Syrian regime forces are continuing their offensive to flush out the last opposition bastion in northern Syria, even as aid organisations and local activists warned of "horrifying" consequences for civilians in the area.
"The battle for the liberation of the provinces of Aleppo and Idlib continue, regardless of all the hot air coming out of the north," President Bashar al-Assad said Monday (February 17th) in an address on state television, in reference to warnings by Turkey.
The offensive is having drastic consequences, however, with hundreds of thousands of civilians displaced and babies dying of cold because camps for internally displaced persons (IDPs) are full.
The Russian-backed regime offensive in north-west Syria has displaced 900,000 people since the start of December, according to the UN.
"The crisis in north-west Syria has reached a horrifying new level," said Mark Lowcock, the UN head of humanitarian affairs and emergency relief.
The displaced are overwhelmingly women and children who are "traumatised and forced to sleep outside in freezing temperatures because camps are full", he said Monday. "Mothers burn plastic to keep children warm. Babies and small children are dying because of the cold."
"The only option is a ceasefire," Lowcock said.
The latest violence on Tuesday left at least two civilians dead. One was killed in a Russian airstrike and the other in regime shelling.
A member of Iran's Islamic Revolutionary Guard Corps (IRGC), which backs al-Assad, was killed in a rocket strike, Fars news agency reported.
Call for humanitarian corridors
"Over the past four days alone, some 43,000 newly displaced people have fled western Aleppo where fighting has been particularly fierce," UN spokesman David Swanson told AFP on Tuesday.
Since the start of February, the displacement figure was a staggering 300,000, he said.
The UN Office for the Co-ordination of Humanitarian Affairs said the temperature dipped to minus 7 Celsius in some areas last week.
"Those families who could take some of their belongings as they fled from their homes are reportedly burning whatever they could find, including pieces of furniture and whatever can be spared to stay warm for a short while," it said.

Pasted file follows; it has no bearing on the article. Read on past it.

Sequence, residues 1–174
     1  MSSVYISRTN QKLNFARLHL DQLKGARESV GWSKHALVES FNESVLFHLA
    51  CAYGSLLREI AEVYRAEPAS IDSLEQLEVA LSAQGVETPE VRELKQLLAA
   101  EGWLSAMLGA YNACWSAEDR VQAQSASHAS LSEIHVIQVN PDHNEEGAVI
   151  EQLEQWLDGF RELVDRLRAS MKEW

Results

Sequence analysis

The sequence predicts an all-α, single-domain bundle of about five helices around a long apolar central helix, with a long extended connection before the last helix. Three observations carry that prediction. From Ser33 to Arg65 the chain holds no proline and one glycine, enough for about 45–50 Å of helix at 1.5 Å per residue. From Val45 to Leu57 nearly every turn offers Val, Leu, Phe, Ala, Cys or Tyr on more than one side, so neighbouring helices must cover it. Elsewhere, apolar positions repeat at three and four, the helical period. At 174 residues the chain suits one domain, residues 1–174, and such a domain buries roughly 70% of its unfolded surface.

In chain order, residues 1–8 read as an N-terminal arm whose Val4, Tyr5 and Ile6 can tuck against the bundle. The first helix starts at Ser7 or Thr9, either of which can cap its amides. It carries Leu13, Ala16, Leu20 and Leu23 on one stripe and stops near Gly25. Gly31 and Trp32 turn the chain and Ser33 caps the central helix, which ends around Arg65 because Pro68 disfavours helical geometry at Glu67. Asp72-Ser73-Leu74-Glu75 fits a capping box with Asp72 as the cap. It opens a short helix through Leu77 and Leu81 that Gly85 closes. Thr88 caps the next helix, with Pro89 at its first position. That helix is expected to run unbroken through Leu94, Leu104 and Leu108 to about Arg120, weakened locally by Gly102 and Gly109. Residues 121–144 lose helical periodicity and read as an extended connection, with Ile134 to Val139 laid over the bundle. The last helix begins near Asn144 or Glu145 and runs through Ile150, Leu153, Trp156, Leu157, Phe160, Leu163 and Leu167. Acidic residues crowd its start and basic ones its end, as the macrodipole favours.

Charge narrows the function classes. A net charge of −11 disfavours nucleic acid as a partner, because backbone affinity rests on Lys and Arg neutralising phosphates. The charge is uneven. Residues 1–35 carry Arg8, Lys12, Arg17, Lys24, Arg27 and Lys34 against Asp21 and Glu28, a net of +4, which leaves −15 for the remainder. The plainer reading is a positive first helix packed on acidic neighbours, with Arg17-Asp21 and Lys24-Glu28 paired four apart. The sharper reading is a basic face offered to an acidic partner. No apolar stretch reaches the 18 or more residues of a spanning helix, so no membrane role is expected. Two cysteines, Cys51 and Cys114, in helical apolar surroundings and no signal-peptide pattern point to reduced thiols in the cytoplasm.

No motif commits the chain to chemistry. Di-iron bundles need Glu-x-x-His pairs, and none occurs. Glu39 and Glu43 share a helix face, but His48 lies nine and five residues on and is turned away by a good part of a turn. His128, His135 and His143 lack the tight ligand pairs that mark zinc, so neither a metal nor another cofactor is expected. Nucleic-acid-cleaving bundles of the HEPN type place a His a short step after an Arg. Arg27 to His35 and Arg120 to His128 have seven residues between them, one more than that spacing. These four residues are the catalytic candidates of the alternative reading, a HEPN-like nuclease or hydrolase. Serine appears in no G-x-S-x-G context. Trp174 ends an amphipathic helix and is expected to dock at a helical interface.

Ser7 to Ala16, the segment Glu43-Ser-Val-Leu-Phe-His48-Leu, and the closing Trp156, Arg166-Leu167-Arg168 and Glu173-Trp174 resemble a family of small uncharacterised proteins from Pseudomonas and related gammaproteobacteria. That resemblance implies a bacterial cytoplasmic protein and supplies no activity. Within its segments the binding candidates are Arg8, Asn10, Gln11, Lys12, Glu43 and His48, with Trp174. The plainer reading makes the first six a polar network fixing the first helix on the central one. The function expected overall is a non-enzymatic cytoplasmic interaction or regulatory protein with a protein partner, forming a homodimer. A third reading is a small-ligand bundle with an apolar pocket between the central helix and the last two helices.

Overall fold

The UN High Commissioner for Human Rights Michelle Bachelet called for the establishment of humanitarian corridors for fleeing civilians to prevent further loss of life.
"As the government offensive continues and people are forced into smaller and smaller pockets, I fear even more people will be killed," she said in a statement.
Massive wave of IDPs
The Idlib region, including parts of neighbouring Aleppo province, is home to about three million people, half of them already displaced from other parts of the country.
In recent weeks, Syrian troops and Russian-backed allied forces have stepped up their offensive against opposition and terrorist groups in the region.
They have already reconquered swathes of Idlib as well as key areas that have secured the crucial M5 highway, which links Damascus to Aleppo through the cities of Homs and Hama, as well as the entire surroundings of Aleppo city for the first time since 2012.
"A massive wave [of IDPs] has reached northern Syria and the relatively safe border area with Turkey following the advance of the Syrian regime's army and allied militias in areas south and west of the city of Aleppo", where Tahrir al-Sham has withdrawn from about 80 towns, villages and checkpoints, Idlib-based activist Musab Assaf told Diyaruna.
"The IDPs' situation is tragic as they are scattered in informal camps" while the temperatures continue to drop, he said.
Thousands of civilians are now fleeing Aleppo and surrounding areas out of fear they will be harassed and arrested by regime forces and allied militias under the pretext of belonging to opposition groups, he said.
The fear of forced conscription is another factor, he added.
The large number of IDPs shows the regime's disregard for its people, Syrian lawyer Bashir al-Bassam told Diyaruna.
"How can the regime say it is protecting civilians when their homes are being bombed and hundreds of them are killed with the help of Russia?" he asked.
"What is happening is an expansion of Russian hegemony at the expense of the Syrian people," he said.
The UN's Lowcock warned that the violence was "indiscriminate".
"Health facilities, schools, residential areas, mosques and markets have been hit," he said. "Schools are suspended, many health facilities have closed. There is a serious risk of disease outbreaks. Basic infrastructure is falling apart."
"We are now receiving reports that settlements for displaced people are being hit, resulting in deaths, injuries and further displacement," he said.
A massive relief operation under way from the Turkish border has been "overwhelmed", he said. "The equipment and facilities being used by aid workers are being damaged. Humanitarian workers themselves are being displaced and killed."
US President Donald Trump on Sunday (February 16th) called for Russia to end its support for the Syrian regime's "atrocities" in the Idlib region, the White House said.